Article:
Keith Chu (202) 224-4515
Wyden Introduces Bill to Provide Fairness for All Sound Recordings Including Introduction to the Public Domain
Washington, D.C. —Senator Ron Wyden, D-Ore., today introduced the ACCESS to Recordings Act, to create uniform federal copyright rules for sound recordings published before 1972, and create equal treatment between older and newer works.
Wyden’s the Accessibility for Curators, Creators, Educators, Scholars, and Society (ACCESS) to Recordings Act would extend federal copyright protections, including limitations and exceptions, to sound recordings created before 1972. Currently, pre-1972 sound recordings are governed by state law which leads to uncertainty in certain areas, including the right for music streaming services and others to digitally transmit such recordings.
“Copyright reform for pre-1972 sound recordings must consider the interests of all stakeholders – not just those of the for-profit record labels,” said Senator Wyden. “The ACCESS to Recordings Act, by applying the same term limits and rights and obligations that apply to other copyrighted works, would help preserve our cultural heritage and open up older works to rediscovery by scholars, creators and the public. I have serious concerns about the lengthy terms in current U.S. copyright law that tip the balance toward limiting rather than promoting creativity and innovation, but until Congress is willing to reconsider it, we shouldn’t go beyond those protections and provide unprecedented federal copyright term for sound recordings.”
Wyden’s ACCESS to Recordings Act represents an alternative to the House-passed CLASSICS Act, which is under consideration by the Senate Judiciary Committee. CLASSICS exacerbates uncertainty for artists, scholars and others by adding a new federal right on top of the current patchwork of state laws, while also providing copyright protections for up to 144 years, 49 years longer than the current copyright term.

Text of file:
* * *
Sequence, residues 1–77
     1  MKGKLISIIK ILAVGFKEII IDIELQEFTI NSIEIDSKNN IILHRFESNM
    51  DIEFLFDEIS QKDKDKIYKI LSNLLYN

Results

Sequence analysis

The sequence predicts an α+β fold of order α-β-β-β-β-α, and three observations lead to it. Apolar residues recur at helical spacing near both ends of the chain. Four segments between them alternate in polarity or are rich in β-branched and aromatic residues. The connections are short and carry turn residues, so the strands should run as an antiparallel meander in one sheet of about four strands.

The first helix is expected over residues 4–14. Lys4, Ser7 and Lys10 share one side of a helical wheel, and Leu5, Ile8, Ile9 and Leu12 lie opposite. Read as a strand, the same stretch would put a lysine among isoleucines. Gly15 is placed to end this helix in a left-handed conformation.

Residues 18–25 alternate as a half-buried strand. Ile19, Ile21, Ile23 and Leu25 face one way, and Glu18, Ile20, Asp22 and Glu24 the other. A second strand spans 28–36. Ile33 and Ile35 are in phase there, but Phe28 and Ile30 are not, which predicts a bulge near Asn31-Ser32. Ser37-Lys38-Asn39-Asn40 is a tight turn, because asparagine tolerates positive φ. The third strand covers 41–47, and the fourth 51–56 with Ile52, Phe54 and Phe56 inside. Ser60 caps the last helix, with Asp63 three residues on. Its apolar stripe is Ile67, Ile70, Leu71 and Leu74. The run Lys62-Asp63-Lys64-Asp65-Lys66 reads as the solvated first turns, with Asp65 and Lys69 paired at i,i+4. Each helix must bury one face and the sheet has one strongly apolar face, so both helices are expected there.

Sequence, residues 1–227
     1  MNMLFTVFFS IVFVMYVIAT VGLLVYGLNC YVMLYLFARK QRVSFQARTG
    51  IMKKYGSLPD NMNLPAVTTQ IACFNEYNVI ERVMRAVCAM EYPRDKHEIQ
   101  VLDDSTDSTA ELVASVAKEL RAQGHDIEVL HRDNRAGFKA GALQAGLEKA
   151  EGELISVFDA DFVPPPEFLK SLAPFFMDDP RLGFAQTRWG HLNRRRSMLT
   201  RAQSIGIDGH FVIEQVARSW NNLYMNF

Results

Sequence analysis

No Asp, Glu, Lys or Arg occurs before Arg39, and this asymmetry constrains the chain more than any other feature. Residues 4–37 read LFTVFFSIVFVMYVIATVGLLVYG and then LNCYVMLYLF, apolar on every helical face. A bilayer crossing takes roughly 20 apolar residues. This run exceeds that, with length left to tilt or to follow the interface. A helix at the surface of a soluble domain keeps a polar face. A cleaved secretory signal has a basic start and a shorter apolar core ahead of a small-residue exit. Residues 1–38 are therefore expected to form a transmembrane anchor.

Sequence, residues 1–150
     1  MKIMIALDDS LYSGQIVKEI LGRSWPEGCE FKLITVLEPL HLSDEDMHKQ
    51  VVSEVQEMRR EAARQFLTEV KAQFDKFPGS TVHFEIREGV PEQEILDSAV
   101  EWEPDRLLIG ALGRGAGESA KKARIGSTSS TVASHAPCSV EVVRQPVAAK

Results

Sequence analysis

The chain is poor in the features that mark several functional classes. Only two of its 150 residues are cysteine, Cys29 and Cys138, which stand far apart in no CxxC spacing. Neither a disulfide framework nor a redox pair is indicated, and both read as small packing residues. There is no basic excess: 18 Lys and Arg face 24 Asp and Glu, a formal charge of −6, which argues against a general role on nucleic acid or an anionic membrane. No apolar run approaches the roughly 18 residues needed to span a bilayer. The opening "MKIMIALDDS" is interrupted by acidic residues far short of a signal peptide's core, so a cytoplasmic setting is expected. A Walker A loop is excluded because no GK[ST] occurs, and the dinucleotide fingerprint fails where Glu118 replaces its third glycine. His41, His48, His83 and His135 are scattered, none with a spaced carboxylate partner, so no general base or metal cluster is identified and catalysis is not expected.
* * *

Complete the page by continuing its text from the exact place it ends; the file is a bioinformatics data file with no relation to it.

The ACCESS to Recordings Act address the treatment of pre-1972 sound recordings. Copyright reform that created rights in sound recordings in 1972 only did so on a prospective basis and provided that state law would be preempted in 2047, later extended to 2067. Digital performance rights in sound recordings were added to federal protections in 1995. CLASSICS provides a federal right to digital transmissions until 2067 for all works created after 1923, and would leave reproduction and distributions rights under state law. ACCESS to Recordings preempts state law over copyright protections for recordings completely and provides the full breadth of copyright protections as well as exceptions and limitations. ACCESS to Recordings would also provide a term of protection of 95 years for published sound recordings – the same as for post-1972 recordings.
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